Bilinear scaling is an example of a relatively fast, lower-quality image-smoothing algorithm. Bicubic or Lanczos scaling are examples of image-smoothing algorithms that produce higher-quality output. This specification does not mandate that specific interpolation algorithms be used.

4.12.5.1.1 Implementation notes

The output bitmap, when it is not directly displayed by the user agent, implementations can, instead of updating this bitmap, merely remember the sequence of drawing operations that have been applied to it until such time as the bitmap's actual data is needed (for example because of a call to drawImage(), or the createImageBitmap() factory method). In many cases, this will be more memory efficient.

The bitmap of a canvas element is the one bitmap that's pretty much always going to be needed in practice. The output bitmap of a rendering context, when it has one, is always just an alias to a canvas element's bitmap.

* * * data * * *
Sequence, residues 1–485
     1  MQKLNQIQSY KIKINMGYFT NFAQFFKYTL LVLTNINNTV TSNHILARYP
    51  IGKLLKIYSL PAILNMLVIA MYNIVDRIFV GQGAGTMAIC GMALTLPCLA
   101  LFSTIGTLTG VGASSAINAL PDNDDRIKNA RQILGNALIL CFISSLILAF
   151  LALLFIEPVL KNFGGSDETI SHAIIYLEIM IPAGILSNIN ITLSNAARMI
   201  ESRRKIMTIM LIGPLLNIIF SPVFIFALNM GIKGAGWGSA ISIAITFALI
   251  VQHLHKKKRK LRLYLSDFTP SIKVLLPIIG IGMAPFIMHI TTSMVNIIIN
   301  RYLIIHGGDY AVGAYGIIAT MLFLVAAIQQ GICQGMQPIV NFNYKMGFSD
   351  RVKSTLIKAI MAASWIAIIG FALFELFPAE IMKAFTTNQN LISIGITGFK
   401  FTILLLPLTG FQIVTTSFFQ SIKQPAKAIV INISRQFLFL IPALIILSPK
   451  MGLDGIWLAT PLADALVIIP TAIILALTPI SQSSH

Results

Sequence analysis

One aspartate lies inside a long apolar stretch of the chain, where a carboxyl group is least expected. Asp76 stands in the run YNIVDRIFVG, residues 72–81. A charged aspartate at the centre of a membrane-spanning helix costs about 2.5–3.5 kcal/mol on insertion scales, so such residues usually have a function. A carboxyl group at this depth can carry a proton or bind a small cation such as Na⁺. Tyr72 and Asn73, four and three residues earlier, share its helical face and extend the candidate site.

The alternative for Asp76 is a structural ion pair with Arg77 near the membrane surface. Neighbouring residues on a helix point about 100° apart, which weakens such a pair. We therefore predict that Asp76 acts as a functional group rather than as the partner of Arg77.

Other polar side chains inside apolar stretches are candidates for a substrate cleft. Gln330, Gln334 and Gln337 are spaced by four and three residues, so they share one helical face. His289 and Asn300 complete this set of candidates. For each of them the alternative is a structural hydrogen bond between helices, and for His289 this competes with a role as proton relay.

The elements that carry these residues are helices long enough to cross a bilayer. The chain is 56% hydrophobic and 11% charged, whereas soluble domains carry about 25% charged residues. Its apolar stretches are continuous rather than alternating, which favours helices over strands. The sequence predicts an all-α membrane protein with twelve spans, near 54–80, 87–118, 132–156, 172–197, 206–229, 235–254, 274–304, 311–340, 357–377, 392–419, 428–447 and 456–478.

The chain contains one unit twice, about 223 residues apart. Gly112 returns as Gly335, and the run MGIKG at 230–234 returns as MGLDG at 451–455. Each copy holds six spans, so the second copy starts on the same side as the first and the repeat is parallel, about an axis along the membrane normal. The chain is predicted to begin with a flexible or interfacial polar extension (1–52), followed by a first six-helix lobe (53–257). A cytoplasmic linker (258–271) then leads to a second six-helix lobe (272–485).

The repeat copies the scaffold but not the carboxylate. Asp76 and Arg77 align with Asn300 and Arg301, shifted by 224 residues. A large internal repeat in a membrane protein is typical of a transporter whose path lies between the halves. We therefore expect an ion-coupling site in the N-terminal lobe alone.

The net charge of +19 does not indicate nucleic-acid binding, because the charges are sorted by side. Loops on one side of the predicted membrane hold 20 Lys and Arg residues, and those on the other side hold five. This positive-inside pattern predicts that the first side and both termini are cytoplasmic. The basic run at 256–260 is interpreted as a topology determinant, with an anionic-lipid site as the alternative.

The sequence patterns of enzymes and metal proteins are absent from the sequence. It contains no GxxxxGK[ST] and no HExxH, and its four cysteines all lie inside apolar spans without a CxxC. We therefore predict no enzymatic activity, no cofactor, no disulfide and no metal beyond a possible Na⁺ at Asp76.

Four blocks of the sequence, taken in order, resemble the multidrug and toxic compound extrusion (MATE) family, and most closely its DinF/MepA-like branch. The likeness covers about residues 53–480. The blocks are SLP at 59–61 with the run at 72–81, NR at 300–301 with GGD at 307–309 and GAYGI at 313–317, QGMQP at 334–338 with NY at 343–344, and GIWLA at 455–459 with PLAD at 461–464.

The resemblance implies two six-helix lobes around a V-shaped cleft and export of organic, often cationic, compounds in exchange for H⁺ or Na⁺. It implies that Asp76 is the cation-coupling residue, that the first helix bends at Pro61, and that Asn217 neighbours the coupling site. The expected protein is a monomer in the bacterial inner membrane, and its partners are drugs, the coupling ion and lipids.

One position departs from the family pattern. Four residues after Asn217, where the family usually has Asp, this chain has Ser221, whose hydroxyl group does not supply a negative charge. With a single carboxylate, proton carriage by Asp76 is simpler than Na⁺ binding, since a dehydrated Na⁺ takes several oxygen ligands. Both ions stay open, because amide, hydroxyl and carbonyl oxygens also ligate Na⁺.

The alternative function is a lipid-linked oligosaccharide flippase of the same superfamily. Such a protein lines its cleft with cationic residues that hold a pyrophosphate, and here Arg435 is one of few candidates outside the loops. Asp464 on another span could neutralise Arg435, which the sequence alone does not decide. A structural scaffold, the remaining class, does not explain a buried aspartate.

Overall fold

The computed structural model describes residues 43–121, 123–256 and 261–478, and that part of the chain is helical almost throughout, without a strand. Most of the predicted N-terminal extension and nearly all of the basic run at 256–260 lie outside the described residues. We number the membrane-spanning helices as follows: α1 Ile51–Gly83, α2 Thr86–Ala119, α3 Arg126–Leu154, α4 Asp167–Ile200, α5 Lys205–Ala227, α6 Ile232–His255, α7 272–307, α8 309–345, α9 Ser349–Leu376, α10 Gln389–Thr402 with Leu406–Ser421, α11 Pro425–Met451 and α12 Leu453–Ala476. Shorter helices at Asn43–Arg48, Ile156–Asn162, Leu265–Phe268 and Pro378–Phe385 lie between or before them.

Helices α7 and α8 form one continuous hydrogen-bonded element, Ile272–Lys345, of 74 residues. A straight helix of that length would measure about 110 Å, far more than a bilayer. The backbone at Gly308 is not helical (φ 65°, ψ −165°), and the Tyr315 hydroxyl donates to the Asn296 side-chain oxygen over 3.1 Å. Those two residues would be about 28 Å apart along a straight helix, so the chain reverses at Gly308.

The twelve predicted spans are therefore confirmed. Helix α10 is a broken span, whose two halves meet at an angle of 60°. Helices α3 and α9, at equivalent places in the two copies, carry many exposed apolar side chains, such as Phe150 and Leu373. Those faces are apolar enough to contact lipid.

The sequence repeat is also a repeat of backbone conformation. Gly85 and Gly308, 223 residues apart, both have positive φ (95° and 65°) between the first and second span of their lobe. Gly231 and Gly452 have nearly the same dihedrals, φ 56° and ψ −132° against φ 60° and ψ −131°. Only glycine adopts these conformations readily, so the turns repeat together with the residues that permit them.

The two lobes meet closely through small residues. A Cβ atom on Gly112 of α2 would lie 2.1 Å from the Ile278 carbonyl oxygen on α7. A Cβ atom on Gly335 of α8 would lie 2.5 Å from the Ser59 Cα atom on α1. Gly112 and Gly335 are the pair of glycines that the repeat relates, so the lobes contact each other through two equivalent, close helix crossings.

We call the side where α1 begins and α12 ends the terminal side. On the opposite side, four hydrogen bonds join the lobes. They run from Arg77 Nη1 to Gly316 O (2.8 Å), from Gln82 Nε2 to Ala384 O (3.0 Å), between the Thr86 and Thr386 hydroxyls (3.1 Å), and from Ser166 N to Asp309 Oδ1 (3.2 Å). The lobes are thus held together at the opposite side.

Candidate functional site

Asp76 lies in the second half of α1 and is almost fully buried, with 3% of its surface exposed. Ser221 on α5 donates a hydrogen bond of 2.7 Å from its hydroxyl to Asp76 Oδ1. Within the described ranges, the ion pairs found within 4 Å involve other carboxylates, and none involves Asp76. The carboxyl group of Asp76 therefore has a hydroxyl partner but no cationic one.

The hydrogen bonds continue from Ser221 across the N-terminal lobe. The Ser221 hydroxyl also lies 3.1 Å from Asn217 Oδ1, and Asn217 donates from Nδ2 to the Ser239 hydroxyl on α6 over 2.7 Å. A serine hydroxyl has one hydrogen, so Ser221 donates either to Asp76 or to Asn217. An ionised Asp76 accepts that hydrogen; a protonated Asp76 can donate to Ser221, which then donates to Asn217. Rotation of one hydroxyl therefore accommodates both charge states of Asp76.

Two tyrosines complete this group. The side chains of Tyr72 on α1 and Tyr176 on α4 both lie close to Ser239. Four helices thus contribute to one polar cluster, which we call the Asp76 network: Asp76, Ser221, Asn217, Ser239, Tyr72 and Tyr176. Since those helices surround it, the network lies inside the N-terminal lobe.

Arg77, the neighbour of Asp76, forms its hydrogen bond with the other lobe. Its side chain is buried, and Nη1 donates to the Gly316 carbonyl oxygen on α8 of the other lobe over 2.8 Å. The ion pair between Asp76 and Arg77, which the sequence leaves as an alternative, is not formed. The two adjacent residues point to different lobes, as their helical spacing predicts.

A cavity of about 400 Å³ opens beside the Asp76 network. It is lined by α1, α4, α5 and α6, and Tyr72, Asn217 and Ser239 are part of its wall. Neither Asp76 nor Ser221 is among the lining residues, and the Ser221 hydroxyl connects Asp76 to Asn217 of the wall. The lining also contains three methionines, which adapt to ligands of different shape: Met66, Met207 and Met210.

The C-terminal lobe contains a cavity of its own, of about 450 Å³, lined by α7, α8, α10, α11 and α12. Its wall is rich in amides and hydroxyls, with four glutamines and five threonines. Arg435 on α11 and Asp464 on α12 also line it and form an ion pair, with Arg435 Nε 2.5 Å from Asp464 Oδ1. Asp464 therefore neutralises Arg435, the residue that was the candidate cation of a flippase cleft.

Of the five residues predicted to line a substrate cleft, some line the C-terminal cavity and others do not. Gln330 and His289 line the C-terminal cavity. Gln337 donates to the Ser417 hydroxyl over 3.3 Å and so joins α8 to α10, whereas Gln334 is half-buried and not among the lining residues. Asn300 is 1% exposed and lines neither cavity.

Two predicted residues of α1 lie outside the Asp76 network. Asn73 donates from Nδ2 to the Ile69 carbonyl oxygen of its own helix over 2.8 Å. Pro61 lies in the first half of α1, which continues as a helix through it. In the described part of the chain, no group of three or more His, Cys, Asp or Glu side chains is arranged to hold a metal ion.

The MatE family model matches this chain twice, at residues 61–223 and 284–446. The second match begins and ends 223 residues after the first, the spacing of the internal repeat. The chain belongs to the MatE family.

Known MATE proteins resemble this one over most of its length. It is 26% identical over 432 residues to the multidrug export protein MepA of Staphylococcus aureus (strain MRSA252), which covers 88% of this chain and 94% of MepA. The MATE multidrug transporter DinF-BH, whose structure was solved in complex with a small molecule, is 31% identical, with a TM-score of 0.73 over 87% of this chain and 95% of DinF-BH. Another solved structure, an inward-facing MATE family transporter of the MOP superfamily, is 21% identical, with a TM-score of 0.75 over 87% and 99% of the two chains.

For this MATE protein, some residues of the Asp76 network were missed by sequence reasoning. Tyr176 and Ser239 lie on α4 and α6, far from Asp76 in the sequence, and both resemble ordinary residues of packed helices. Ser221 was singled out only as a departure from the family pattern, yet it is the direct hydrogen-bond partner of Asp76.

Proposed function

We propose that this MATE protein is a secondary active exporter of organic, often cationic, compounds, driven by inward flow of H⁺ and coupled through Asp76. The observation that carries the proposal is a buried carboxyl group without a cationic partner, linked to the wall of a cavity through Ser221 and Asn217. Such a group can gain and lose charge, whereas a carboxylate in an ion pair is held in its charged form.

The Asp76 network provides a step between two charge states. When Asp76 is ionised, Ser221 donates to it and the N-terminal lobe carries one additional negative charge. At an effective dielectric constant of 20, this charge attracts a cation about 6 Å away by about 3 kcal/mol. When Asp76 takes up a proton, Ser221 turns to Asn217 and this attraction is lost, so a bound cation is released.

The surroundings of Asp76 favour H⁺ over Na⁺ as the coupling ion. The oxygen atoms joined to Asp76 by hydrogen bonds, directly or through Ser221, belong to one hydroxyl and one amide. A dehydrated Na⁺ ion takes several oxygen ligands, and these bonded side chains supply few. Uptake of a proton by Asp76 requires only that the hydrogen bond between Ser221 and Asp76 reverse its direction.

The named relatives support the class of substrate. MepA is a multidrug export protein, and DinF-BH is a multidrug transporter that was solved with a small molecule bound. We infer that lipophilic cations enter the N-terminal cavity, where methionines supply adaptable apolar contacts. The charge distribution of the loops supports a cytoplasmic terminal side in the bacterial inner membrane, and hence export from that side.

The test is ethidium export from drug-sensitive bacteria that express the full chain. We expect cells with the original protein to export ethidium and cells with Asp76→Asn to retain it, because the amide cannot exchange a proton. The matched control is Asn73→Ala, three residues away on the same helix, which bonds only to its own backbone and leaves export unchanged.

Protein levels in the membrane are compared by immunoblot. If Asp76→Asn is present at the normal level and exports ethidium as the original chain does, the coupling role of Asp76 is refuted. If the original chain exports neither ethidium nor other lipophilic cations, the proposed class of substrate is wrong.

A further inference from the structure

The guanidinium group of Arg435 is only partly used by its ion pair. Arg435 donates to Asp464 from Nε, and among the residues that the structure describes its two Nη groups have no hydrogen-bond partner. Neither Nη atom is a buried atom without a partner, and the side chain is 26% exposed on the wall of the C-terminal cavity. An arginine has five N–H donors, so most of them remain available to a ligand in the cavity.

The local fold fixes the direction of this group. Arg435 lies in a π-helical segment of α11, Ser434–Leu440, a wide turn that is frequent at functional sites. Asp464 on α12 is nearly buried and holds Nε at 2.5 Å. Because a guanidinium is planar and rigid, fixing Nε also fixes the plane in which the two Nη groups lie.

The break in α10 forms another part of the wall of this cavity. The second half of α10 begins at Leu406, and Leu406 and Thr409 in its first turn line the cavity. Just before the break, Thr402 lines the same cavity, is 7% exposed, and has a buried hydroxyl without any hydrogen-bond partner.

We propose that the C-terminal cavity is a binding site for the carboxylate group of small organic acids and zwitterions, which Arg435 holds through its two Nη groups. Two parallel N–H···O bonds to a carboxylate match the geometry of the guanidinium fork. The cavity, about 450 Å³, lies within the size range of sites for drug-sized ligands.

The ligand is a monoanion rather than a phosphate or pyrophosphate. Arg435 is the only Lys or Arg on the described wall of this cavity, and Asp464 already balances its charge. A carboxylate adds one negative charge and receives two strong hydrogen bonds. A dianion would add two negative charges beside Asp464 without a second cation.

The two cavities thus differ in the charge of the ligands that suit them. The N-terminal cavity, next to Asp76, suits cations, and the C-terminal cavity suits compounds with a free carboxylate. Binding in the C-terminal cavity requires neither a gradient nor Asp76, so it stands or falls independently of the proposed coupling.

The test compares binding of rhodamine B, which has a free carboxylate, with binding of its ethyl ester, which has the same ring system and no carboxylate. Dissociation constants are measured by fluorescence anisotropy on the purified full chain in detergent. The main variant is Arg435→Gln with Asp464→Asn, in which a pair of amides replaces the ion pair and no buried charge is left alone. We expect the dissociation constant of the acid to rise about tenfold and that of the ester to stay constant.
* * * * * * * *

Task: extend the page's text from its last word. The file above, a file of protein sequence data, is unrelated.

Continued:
Additional bitmaps are sometimes needed, e.g. to enable fast drawing when the canvas is being painted at a different size than its intrinsic size, or to enable double buffering so that graphics updates, like page scrolling for example, can be processed concurrently while canvas draw commands are being executed.

4.12.5.1.2 The canvas state

Objects that implement the CanvasState interface maintain a stack of drawing states. Drawing states consist of:

The current default path and the rendering context's bitmaps are not part of the drawing state. The current default path is persistent, and can only be reset using the beginPath() method. The bitmaps depend on whether and how the rendering context is bound to a canvas element.

context . save()